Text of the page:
Jerome Robbins, American choreographer and director whose talents took him comfortably between the New York Ballet Company and Broadway (Gypsy, The King and I, West Side Story), 79.


Shari Lewis, whose Shari Lewis Show, which starred her best-known creation, Lamb Chop, was described as a kind of situation comedy for puppets, 65.

Todor Zhirkov, communist ruler of Bulgaria from 1954 until his overthrow as the East European dominoes fell in 1989, 86.

Julian Green, French-born novelist (Moira, Each Man in His Darkness) and playwright of American parents whose works led to his being regarded as one of the pre-eminent stylists in the French language, 97.

Otto Wichterle, Czech chemist whose experiments in 1961 produced the first soft contact lenses, 84.

Wanda Horowitz, daughter of one musical genius, Arturo Toscanini, and wife of another, Vladimir Horowitz, who once said of her life with the two: "My father made me neurotic, and my husband made me crazy." 90.

Elena Garro, Mexican writer who rose above her country's gender barrier to become one of its most important literary figures alongside her husband, the Nobel Prize winner Octavio Paz, who died in April, 78.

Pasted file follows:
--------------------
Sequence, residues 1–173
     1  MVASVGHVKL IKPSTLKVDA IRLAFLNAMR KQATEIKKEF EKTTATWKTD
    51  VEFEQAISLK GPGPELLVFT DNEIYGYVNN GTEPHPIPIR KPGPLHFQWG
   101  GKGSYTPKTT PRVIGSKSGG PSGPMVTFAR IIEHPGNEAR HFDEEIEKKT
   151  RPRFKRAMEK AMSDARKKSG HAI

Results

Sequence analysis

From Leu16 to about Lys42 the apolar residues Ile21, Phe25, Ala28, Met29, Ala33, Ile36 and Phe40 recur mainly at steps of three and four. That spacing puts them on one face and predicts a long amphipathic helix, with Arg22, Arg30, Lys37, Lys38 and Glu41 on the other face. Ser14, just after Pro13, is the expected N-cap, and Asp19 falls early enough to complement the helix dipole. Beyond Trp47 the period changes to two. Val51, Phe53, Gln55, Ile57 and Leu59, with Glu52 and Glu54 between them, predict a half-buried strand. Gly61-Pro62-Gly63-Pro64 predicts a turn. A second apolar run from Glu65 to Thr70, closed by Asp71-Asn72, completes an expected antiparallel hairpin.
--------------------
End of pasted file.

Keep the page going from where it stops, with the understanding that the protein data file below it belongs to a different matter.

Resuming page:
E.G. Marshall, American actor who specialised in legal and statesman-like characters on stage, screen (The Caine Mutiny) and television (The Defenders), 84.

Sir Tosswill Woollaston, Nelson artist whose legacy of works ensures that he will be forever one of New Zealand's greatest painters, 88.

Tommy (T.J.) Smith, one of the great Australian racing trainers and identities, of Tulloch and Kingston Town fame, with more than 7000 wins to his name, 79.

Frederick Reines, American physicist whose work on neutrinos, virtually massless subatomic particles thought to be beyond detection, was rewarded with the 1995 Nobel Prize for physics, 80.


Viscount Rothermere, one of the last of the great British newspaper barons whose transformation of the Daily Mail from a listless broadsheet to lively tabloid earned him the reputation for having inspired the revolution in Britain's mid-market papers, 73.

Jonathan Mann, pioneer in the fight against Aids, head of the United Nations global Aids programme from 1986 to 1990; with his wife, Mary Lou Clements-Mann, head of centre for immunisation research at John Hopkins University, in the Swissair crash off Nova Scotia that claimed 229 lives, both aged 51.

Allen Drury, American writer whose 19 novels included Advise and Consent and six sequels, 80.

Akira Kurosawa, perfectionist Japanese director among whose films, which included Seven Samurai, Ikiru and Ran, are some considered the finest ever made, 88.

Sir Francis Renouf, Wellington business innovator linked to the establishment of a national share index in 1957 whose contributions to tennis were recorded with the naming of the Renouf Tennis Centre in the capital, 80.